Current News


Trump, Carson threaten to skip GOP debate at CU

You can’t buy the kind of publicity the University of Colorado Boulder says it’s getting from the upcoming Republican presidential debate, though some might wonder if you’d want to.

On Thursday, the two candidates who perch atop most national GOP polls threatened to boycott the Oct. 28 debate, adding to the poor publicity that piles up seemingly daily lately as CU struggles to explain why only a handful of students will be allowed to witness the proceedings.

Jabs talks rules for business success, looks to future

The Colorado Statesman

"I’ve never been a goal-setter,” says Jake Jabs, leaning back in his office, overlooking the enormous, quarter-mile long headquarters facility of American Furniture Warehouse near Centennial Airport in Arapahoe County. “I don’t have quotas for salesmen, I don’t have goals for managers, I don’t have goals for the company,” he says.

While he might not have goals, the president and CEO of American Furniture Warehouse has plenty of accomplishments, and he isn’t wary about sharing the secrets to his success.

Colorado front and center amid Dem debate’s Vegas razzmatazz

The Colorado Statesman

LAS VEGAS — If you thought Colorado had a prominent role in the most-recent Republican presidential debate — when the state’s marijuana laws prompted Jeb Bush to publicly confess his pot-smoking habits as a youth — the first Democratic debate in Las Vegas on Tuesday put the state in the national limelight on multiple fronts.

Granted, the marijuana question didn’t take up quite as much airtime as it did during the GOP meet at the Reagan Library last month. But it displayed how cautious frontrunner Hillary Clinton is about the issue.


Marquez-Hudson to head Denver Foundation, Colglazier takes over at C3

Denver Foundation taps Marquez-Hudson as president and CEO

The Denver Foundation, the state’s oldest community foundation, last week named Christine Marquez-Hudson as its new president and CEO. Marquez-Hudson is currently CEO and executive director of Mi Casa Resource Center. When she assumes the new position in January, she will become only the fifth CEO of the Denver Foundation in its 90 years in existence.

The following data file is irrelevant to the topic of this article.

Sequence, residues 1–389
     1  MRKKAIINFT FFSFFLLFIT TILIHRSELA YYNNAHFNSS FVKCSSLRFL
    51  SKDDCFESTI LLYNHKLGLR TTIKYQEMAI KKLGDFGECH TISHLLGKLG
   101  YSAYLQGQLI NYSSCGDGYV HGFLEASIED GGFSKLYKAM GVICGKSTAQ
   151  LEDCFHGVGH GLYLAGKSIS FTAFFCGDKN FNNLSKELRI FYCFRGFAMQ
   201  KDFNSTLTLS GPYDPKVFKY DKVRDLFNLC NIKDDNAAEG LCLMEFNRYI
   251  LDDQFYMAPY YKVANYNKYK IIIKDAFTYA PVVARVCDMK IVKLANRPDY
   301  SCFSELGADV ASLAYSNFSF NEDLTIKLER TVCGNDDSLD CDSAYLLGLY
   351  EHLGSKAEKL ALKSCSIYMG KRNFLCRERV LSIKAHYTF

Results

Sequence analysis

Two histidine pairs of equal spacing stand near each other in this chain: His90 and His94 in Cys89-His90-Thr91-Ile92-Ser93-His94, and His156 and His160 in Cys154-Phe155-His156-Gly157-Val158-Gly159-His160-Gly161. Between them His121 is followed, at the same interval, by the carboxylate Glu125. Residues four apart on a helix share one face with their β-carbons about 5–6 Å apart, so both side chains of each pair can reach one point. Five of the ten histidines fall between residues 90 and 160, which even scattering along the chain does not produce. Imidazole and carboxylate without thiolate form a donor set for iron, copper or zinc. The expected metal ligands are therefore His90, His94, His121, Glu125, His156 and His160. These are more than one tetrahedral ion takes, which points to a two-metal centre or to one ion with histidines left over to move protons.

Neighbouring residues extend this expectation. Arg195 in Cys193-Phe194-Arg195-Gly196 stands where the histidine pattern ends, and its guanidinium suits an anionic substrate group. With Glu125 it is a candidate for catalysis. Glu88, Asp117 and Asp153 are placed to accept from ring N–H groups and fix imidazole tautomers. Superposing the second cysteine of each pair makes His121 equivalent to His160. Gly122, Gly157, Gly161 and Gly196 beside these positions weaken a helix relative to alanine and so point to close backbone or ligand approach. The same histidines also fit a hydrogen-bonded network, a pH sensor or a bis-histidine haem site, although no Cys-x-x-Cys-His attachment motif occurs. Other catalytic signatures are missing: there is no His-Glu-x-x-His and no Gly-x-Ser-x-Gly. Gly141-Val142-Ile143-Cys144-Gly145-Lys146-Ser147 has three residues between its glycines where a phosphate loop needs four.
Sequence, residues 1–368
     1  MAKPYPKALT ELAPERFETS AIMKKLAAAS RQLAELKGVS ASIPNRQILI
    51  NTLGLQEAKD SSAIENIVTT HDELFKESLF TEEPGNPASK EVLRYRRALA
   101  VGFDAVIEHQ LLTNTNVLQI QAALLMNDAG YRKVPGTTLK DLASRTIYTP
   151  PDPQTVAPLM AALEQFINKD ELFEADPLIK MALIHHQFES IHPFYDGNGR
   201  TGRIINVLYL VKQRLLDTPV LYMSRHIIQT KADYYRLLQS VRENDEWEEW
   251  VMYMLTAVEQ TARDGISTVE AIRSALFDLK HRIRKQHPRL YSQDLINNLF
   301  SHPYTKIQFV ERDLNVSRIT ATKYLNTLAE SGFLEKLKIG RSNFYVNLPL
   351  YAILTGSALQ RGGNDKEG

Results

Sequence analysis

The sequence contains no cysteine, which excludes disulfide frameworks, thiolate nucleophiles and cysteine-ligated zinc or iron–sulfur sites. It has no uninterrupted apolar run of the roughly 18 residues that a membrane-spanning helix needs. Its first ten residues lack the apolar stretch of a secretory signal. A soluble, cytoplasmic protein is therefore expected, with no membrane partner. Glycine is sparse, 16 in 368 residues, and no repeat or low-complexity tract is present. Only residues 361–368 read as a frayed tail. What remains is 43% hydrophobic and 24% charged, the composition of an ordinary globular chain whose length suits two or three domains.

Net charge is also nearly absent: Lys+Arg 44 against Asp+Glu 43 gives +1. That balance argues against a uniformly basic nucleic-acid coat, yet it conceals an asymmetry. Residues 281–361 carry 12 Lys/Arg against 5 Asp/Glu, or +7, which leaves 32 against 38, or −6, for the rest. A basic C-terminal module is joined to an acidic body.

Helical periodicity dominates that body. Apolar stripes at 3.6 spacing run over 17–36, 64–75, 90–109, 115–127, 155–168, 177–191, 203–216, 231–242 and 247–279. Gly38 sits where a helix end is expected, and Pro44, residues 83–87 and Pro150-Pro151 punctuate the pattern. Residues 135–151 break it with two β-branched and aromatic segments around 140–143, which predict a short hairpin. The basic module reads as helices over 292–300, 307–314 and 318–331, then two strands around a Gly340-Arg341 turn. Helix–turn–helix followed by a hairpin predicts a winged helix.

New report blames state’s slowing solar sector on fossil fuel groups

The Colorado Statesman

After years of rapid growth, Colorado’s once red-hot solar energy industry has faded recently, according to a new report from Environment Colorado, which blames fossil fuel-funded think tanks and utilities for raining on the state’s solar parade.

According to “Blocking the Sun: 12 Utilities and Fossil Fuel Interests That Are Undermining American Solar Power,” Colorado’s solar power capacity increased 44 percent a year from 2010 to 2013, but then dropped dramatically between 2013 and 2014, knocking the state from 7th to 10th in terms of solar power capacity per capita in the United States.

Roberts, Sonnenberg talk about decisions to pass on Senate bid

The Colorado Statesman

The decision last spring by U.S. Rep. Mike Coffman of Aurora to turn down a run for the Republican nomination for Colorado’s U.S. Senate seat threw state and national GOP leaders into a crunch to find someone, anyone, who could take on U.S. Sen. Michael Bennet, a Denver Democrat, in next year’s election.

Hancock names new Denver sheriff, promises ‘fresh perspective’

The Colorado Statesman

Denver Mayor Michael Hancock announced the appointment of a new sheriff Thursday, proclaiming a “new day” for a troubled department

Patrick Firman, a longtime Illinois corrections chief, will take over a department that has been plagued with systemic problems and has cost the city millions of dollars in legal settlements over misconduct cases.

“It's going to be a challenge,” Firman said at a press conference held inside the Denver City and County Building. “There's a lot of reform that's been suggested. I think for anybody to say it's going to be easy is kidding themselves.”

Denver unveils construction-defects reform proposal to spur condo building

The Colorado Statesman

Denver Mayor Michael Hancock this week unveiled a proposal aimed at reining in costs associated with construction defects lawsuits, an issue he believes has hampered the city's ability to provide housing options for a booming city population.

The proposed ordinance is the latest effort by a municipality to deal with a polarizing issue that has yet to yield results at the state level.

Denver Chamber lays out wish list for state water plan

The Colorado Statesman

James Lochhead, head of Denver Water, put it simply and perhaps with a hint of optimism: “We can have it all.”

Lochhead was among a group of statewide water leaders who sat down last week to chat about Colorado’s Water Plan. Their chat took place before several hundred at a Metro Denver Chamber of Commerce luncheon, convened to discuss the role business can play charting the state’s water future.

Fight on the right in Colorado Springs over proposed tax hike to fix potholes

The Colorado Statesman

Colorado Springs residents are known for their opposition to tax increases, but they’re also fed up with the potholes that pepper the city’s streets.

Voters will decide which is worse on Nov. 3 with Ballot Issue 2C, a measure that would increase the 2.5-percent city sales tax by 0.62 percent to raise $50 million annually for five years to rebuild, pave and maintain the eroding roads.